Lots of snow and winter weather brings a fun day sledding down the highest hill or snowball fights in the back yard. That being said, winter weather can be difficult on your home. Excessively cold conditions can encourage the water lines in your plumbing to freeze and burst, which could lead to severe water damage and lasting negative effects.

When your pipes are frozen solid, you should contact a plumber in Shamokin and Sunbury to resolve the issue. That being said, there’s multiple things you can do to prevent this from happening – and even just a bit of prevention can go a long way.

What Pipes Are at a Higher Chance of Freezing

The pipes at the largest risk of freezing are uncovered water lines. Prevalent locations for uncovered pipes are inside attic crawlspaces, near exterior walls, in the basement or even running beneath a modular home. Water lines that are not properly insulated are at the biggest risk.

How to Keep Pipes from Becoming Frozen in Your Home

Sufficiently insulating uncovered water lines is a solid first step to keeping your pipes free of ice. You’ll often locate lots of these materials from your local plumbing company, and might also already have some inside your home.

Try not to wrap other flammable insulation materials where they might light on fire. If you don’t feel confident insulating the pipes yourself, get in touch with your local plumbing services professional in Shamokin and Sunbury to handle the job.

If you do prefer to insulate the pipes on your own, good insulation materials for pipes consist of:

  • Wraps or roll insulation: Most plumbers, hardware stores and big box retailers sell insulation – typically fiberglass, foam wraps or pipe sleeves – that you can wrap or fit around your pipes. They are supplied in various lengths and sizes to satisfy the needs of your home.
  • Newspaper: To a decent degree, newspaper can be used as insulation. If the weather is cooling down and you aren’t able to add insulation in time, consider covering uninsulated pipes in this.
  • Towels or rags: If you don't have the chance to buy insulation and don’t have any newspaper handy, wrapping particularly vulnerable pipes with towels or clean rags as a final effort could be just enough to keep the cold air from freezing the pipes.

One other preventative step you can try to stop pipes from being covered in ice is to fill any cracks that can allow cold air into your home. Keep an eye on the window frames, which can let in surprisingly strong drafts. This not only will help to prevent your pipes from freezing, but it will have the extra benefit of making your home more energy efficient.

Five More Ways to Keep Your Pipes from Freezing:

  • Open the cabinet doors. Opening the cabinet doors under the sinks and other areas of your home with plumbing will permit more warm air from the rest of the room to get to the pipes.
  • Letting water drip. Keeping the water flowing by letting your faucets move even just a little can help prevent frozen pipes.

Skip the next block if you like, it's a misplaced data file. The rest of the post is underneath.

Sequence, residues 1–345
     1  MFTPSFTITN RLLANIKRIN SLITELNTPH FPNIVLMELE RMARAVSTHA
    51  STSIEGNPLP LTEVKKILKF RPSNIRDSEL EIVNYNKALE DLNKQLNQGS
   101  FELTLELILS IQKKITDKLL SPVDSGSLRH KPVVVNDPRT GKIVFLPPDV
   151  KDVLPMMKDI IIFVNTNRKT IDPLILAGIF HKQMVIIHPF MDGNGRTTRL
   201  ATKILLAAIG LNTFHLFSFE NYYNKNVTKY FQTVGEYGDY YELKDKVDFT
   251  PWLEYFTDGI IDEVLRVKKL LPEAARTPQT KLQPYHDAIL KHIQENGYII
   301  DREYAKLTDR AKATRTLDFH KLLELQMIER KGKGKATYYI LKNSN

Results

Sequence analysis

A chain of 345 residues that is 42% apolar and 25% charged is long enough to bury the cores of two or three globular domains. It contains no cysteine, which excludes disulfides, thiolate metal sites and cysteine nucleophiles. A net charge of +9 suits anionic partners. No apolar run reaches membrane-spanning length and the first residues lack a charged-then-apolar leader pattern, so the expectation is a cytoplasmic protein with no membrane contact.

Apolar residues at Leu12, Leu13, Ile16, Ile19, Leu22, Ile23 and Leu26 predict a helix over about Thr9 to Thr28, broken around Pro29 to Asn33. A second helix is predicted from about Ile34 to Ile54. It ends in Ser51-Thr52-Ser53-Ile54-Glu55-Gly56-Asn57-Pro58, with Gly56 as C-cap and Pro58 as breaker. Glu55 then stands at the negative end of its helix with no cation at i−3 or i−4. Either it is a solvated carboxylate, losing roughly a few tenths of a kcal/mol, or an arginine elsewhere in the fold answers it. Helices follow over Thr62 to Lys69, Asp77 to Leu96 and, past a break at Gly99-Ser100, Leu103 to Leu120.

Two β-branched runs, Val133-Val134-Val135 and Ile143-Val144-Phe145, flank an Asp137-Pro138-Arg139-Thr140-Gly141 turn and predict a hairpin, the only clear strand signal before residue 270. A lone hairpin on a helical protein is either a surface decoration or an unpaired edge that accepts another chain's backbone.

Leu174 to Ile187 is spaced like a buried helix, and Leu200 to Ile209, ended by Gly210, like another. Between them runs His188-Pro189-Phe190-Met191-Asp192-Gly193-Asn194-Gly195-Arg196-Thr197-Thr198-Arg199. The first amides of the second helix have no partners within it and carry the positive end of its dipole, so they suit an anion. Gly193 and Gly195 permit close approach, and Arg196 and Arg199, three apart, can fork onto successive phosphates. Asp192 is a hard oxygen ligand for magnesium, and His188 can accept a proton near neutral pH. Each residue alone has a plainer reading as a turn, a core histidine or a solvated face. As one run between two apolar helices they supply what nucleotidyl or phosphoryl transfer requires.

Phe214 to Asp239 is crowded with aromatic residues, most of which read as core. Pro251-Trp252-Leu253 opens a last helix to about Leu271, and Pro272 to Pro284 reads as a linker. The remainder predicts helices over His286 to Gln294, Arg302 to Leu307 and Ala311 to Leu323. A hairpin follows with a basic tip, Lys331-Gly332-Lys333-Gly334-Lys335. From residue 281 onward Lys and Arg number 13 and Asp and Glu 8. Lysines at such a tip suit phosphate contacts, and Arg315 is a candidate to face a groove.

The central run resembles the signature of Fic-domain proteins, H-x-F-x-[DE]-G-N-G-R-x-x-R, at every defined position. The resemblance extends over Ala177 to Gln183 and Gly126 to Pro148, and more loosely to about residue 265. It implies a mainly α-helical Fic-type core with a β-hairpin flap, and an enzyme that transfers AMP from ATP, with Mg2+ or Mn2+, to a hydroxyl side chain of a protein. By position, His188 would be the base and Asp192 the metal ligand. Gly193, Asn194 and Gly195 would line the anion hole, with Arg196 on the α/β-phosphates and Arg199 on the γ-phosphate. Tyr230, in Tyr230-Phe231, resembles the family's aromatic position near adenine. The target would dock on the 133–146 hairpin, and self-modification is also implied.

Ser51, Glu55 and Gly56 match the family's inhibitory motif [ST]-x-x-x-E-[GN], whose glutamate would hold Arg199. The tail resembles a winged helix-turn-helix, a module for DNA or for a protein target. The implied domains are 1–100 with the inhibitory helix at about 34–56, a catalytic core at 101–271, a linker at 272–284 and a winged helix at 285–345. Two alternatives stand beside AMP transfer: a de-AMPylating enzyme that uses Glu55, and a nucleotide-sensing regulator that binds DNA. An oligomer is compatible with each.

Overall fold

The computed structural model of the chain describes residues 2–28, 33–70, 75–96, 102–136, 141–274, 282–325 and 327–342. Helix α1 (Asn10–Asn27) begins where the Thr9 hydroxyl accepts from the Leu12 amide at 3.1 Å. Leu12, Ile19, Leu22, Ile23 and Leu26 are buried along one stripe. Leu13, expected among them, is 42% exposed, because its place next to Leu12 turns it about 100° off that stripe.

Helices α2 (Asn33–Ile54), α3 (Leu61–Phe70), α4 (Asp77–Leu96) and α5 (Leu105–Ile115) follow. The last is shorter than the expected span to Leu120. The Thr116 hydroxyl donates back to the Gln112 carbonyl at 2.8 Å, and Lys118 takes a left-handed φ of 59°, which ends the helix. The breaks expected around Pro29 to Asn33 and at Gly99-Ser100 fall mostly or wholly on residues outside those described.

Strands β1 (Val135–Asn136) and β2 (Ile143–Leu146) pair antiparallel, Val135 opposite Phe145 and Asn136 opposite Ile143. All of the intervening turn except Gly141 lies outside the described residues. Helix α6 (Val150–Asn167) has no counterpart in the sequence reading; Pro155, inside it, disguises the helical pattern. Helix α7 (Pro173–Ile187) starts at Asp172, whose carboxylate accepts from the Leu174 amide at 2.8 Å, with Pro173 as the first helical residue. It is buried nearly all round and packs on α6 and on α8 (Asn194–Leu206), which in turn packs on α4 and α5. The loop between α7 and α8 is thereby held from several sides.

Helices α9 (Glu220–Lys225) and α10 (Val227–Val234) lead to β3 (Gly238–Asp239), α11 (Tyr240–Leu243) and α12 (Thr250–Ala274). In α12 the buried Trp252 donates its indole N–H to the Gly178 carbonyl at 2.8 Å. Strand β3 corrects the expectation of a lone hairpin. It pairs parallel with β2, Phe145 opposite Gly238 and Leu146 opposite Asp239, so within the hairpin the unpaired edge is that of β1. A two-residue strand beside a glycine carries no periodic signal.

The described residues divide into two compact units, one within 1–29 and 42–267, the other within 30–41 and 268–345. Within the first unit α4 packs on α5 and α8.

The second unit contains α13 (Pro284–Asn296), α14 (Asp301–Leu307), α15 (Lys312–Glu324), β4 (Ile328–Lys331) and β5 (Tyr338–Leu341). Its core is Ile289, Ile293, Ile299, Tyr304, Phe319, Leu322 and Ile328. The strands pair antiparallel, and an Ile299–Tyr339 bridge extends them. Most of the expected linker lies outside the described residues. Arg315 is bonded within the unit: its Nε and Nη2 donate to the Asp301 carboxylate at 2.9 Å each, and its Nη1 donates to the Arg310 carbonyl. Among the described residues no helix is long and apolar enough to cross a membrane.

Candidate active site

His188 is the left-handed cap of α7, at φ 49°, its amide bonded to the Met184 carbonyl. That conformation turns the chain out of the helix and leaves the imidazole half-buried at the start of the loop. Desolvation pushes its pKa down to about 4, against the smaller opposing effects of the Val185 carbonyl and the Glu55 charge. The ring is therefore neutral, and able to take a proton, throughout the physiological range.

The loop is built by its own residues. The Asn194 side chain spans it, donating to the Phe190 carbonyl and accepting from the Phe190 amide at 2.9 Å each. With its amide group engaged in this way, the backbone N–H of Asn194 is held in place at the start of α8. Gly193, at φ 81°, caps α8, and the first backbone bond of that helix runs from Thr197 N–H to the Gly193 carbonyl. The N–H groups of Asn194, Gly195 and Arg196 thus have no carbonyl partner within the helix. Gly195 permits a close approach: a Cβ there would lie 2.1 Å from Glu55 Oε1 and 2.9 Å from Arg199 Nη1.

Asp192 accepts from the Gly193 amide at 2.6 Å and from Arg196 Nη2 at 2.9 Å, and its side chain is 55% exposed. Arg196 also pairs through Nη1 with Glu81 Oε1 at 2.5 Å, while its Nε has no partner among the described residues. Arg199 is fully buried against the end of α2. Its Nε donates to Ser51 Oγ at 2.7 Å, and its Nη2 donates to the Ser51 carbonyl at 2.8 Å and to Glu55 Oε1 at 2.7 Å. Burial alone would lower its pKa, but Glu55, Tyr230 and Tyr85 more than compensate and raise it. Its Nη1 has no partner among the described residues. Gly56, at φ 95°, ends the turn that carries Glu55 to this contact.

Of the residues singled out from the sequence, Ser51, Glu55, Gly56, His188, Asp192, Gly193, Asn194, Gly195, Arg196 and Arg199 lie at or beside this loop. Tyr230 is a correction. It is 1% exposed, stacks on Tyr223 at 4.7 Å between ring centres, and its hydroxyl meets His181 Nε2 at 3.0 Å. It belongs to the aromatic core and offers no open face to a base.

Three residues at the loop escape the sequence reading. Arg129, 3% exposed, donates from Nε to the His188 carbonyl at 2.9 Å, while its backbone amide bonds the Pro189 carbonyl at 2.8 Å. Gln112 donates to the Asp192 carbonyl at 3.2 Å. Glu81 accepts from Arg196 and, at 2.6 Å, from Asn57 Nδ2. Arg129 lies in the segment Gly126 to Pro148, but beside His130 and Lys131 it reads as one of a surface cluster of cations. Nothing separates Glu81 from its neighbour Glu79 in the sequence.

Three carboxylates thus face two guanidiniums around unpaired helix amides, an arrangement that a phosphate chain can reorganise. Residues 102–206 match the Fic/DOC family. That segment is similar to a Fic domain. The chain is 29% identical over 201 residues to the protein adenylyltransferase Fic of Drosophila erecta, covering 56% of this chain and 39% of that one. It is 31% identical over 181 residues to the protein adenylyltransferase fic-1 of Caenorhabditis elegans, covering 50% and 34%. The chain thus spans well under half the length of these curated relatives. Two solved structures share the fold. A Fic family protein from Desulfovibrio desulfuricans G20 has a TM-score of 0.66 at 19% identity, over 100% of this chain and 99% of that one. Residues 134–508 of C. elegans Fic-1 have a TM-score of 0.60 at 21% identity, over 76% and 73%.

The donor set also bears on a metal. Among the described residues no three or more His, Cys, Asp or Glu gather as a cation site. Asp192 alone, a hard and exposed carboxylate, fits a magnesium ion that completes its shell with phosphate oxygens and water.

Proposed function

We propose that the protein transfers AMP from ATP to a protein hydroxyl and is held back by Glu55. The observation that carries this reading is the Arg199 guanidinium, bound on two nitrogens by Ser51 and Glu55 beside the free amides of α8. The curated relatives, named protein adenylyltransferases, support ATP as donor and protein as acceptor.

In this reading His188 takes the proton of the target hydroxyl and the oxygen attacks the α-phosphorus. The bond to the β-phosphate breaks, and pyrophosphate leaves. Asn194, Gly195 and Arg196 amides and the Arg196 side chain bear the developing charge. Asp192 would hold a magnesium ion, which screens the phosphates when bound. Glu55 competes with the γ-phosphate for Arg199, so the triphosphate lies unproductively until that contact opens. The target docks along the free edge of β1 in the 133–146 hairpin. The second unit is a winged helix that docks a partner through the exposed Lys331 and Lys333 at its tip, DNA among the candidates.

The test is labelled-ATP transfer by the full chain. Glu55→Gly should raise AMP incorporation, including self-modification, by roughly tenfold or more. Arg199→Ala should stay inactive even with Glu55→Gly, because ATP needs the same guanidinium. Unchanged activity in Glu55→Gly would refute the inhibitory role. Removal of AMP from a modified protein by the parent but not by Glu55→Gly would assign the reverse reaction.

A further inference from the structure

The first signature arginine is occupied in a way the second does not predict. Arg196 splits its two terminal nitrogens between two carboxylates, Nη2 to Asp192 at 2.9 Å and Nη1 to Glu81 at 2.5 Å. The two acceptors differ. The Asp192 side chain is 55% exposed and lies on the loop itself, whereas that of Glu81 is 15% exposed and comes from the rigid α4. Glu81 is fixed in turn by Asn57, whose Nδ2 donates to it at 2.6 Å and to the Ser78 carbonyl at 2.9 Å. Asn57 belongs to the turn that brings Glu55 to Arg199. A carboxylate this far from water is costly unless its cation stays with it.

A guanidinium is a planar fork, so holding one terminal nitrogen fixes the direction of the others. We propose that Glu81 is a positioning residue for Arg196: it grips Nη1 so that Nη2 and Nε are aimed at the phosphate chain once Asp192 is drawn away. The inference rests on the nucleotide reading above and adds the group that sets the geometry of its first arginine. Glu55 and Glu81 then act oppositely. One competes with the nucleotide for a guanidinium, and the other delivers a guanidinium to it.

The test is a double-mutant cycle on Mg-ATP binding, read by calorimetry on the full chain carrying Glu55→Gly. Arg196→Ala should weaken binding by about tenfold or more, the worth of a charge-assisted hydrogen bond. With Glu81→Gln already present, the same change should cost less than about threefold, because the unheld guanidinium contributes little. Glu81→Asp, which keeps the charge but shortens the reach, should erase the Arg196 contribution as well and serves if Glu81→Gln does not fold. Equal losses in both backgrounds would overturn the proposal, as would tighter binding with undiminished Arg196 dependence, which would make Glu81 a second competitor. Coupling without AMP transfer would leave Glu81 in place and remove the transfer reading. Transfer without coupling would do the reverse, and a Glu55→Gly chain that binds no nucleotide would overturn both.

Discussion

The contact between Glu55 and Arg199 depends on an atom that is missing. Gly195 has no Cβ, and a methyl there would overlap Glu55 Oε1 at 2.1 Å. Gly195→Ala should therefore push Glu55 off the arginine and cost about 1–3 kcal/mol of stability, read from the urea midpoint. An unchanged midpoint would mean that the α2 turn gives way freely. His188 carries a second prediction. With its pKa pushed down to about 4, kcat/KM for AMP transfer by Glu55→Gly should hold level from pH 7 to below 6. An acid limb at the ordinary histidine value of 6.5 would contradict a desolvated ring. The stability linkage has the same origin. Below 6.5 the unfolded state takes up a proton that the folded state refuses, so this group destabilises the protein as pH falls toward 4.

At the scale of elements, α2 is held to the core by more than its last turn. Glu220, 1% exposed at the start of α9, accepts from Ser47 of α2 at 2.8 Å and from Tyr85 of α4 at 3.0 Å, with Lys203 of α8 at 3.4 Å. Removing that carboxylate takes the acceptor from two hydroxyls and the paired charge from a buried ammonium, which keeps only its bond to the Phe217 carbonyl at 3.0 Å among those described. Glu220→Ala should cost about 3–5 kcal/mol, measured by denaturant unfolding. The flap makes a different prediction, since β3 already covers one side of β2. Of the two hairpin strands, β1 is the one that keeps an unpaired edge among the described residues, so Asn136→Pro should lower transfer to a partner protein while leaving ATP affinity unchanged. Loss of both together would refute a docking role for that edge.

• Open interior doors. By opening doors in rooms or hallways, your home can be heated more evenly. This is mostly important if there's a room that is generally colder or hotter than other rooms.
  • Close the garage door. The exception to the open doors advice is the garage door, which you should keep shut – namely if your water lines are installed under the garage.
  • Keep the heat steady. Experts recommend setting the thermostat at a stable temperature and leaving it in place, rather than letting it get lower at night. Set it no cooler than 55 degrees.

How to Keep Pipes from Freezing in an Unused Home

When you’re at home, it’s easier to know when something breaks down. But what added steps can you try to stop pipes from freezing in a vacant home or vacation home when the damages from a frozen pipe can remain unnoticed for days or even weeks?

As with a primary residence, insulating any exposed water lines, opening interior doors throughout the home and winterizing the vacant home are the best steps to attempt first.

Alternative Steps to Keep Pipes from Freezing in an Empty Home:

  1. Leave the heat on. Even though you aren't currently using the home, it’s best to leave the heat on – even if you turn the thermostat down cooler than you would if you were there. As with a primary home, experts encourage keeping the temperature at no cooler than 55 degrees.
  2. Shut water off and drain the lines. If you’re going to be out of the house for a long time or are winterizing a vacation cabin or cottage, switching the water off to the house and draining the water out of the water lines is a good way to prevent pipes from freezing and bursting open. Try not to forget to flush the water out of any appliances, like the hot water heater, as well as the toilets. Make sure you get all the water from the pipes. If you're uncertain of how to clear out the water from the pipes, or don’t feel secure performing it without any help, a plumber in Shamokin and Sunbury will be happy to step in.